I had to enter on the NASA application my twitter handle along with Staking The Plains, the STP Facebook page, and of course this site as my references to register. I submitted my application with only 15 minutes remaining on the deadline to apply. It was submission application #35,840 for the event. Only one entry per person, and only 50 applications would be selected. The odds of getting picked were not in my favor, so I went back to my everyday life sort of forgetting about the event until 10 days later.
Exactly 10 days after I sent off my application, I received an email in my work inbox that NASA had selected me to attend the #SpaceBowl #NASASocial. Yes, Staking The Plains would be credentialed to go on the VIP tour of NASA!!! I could not believe what I was reading. I had to answer a series of questions, verify registration information, and wait for NASA clearance.
6 days later I received my clearance, instructions, and agenda. We were going to a live in-flight event to have a discussion with Astronauts Peggy Whitson and Shane Kimbrough aboard the international space station. The event was simulcast on NASA TV and Facebook Live on the International Space Station page. How awesome is that?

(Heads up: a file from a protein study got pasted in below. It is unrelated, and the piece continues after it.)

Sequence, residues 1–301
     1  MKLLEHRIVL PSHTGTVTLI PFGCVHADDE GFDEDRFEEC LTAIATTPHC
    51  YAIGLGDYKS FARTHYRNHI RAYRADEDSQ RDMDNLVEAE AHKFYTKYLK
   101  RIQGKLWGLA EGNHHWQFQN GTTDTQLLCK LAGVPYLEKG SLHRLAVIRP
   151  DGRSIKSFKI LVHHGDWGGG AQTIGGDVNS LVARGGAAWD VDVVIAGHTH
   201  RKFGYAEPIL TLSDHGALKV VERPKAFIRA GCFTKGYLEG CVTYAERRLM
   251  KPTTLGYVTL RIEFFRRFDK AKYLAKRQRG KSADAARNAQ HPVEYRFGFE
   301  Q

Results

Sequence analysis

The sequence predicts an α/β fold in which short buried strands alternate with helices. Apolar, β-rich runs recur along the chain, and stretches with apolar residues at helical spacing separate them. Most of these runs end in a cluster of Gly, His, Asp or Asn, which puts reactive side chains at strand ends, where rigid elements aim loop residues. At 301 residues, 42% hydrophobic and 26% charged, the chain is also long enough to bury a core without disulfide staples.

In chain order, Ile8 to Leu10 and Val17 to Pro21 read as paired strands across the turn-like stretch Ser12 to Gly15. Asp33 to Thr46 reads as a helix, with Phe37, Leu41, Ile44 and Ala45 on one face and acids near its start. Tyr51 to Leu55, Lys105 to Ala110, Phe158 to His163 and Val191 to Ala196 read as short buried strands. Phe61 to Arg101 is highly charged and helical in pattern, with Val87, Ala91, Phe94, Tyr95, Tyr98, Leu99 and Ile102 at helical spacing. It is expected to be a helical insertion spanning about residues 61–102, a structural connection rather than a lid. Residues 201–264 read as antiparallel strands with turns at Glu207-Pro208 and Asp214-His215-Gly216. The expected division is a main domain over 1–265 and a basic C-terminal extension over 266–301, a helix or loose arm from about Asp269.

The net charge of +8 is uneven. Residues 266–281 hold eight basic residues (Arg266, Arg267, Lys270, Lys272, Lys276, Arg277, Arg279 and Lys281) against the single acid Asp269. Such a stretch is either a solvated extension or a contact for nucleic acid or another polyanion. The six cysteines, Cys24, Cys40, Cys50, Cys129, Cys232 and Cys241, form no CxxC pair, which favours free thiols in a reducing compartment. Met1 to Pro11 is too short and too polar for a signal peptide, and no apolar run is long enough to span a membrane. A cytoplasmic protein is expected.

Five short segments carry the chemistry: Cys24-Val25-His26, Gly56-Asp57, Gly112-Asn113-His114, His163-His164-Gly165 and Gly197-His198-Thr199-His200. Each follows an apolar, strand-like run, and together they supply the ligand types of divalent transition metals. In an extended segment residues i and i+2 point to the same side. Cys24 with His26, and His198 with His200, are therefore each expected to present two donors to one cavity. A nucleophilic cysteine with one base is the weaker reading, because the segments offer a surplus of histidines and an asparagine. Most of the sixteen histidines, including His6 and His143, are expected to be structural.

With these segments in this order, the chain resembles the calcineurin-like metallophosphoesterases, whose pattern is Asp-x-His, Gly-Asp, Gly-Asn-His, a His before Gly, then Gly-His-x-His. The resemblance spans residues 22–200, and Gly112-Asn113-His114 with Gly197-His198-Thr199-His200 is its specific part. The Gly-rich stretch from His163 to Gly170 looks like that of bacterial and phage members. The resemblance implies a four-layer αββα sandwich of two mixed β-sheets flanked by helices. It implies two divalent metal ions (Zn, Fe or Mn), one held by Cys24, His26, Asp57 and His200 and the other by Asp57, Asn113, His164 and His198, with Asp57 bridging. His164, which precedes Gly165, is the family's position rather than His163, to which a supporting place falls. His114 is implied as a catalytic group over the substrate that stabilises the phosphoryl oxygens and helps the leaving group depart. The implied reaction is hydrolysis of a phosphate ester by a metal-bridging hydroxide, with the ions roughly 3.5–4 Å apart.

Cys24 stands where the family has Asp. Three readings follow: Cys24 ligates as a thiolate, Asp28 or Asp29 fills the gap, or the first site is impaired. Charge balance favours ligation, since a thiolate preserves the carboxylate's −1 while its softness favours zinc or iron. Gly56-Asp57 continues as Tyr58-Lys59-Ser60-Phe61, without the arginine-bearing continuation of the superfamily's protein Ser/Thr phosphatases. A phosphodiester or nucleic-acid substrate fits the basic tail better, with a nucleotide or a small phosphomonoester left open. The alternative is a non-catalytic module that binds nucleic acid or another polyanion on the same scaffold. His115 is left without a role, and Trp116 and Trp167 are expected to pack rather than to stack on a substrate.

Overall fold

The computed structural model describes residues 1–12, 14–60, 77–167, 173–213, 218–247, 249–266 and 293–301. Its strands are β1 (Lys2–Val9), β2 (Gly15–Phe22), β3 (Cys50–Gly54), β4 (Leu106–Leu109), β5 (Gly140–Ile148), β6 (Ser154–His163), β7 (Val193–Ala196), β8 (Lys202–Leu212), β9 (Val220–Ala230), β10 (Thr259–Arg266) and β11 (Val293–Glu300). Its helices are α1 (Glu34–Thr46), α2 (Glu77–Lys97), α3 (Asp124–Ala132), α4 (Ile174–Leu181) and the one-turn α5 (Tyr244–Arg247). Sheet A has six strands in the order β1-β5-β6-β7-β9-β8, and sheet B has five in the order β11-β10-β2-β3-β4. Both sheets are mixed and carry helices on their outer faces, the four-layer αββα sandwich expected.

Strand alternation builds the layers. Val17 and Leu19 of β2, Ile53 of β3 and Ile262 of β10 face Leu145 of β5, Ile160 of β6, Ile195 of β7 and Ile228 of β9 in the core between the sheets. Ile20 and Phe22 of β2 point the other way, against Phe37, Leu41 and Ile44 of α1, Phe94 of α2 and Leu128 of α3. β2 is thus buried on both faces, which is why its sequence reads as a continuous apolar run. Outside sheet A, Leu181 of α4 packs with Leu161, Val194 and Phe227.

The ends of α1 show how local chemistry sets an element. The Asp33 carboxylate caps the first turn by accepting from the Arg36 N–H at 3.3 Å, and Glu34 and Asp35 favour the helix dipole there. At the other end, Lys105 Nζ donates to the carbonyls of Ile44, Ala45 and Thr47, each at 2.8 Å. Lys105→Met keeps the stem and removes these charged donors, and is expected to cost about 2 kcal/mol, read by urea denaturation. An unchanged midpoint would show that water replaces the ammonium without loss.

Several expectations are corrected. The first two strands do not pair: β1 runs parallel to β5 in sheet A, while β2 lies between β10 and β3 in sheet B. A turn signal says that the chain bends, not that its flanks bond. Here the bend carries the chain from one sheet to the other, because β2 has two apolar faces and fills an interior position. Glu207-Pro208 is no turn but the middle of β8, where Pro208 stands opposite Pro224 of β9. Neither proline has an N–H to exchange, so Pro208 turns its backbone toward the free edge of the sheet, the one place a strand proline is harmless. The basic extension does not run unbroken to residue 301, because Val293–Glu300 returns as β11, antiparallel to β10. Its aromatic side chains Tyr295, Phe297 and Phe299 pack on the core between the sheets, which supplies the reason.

When I arrived to NASA the day of the tour, a large group formed outside the Space Center and we were escorted inside to check-in to the event. Among others there I saw a writer for How Stuff Works, the editor for The Golf Channel, National Geographic, BBC, the Rod Ryan Show, the Senior Lead of Social Media at Microsoft, and Tony Siragusa from Yahoo Sports. I had on my Texas Tech collared shirt to proudly represent our school and STP.
NASA personnel quickly gathered us all up, and checked our identification before allow us to proceed with the group. We were ushered into the Space Center Theater, where we sat and had introductions. We all wrote down our questions to ask Peggy Whitson and Shane Kimbrough, and NASA vetted through them to pick the top questions.
Of course mine did not get selected, but it was a little more sensitive in nature. I am sure NASA did not want the astronauts to answer it on live TV without rehearsal. My question had to do with the psychological effects while aboard the space station, and with the stressful environment what was the procedure if one of the crew members had an episode that put themselves or another colleague in danger? Yeah, they threw my question aside.
— DanSwany (@DanSwany) February 1, 2017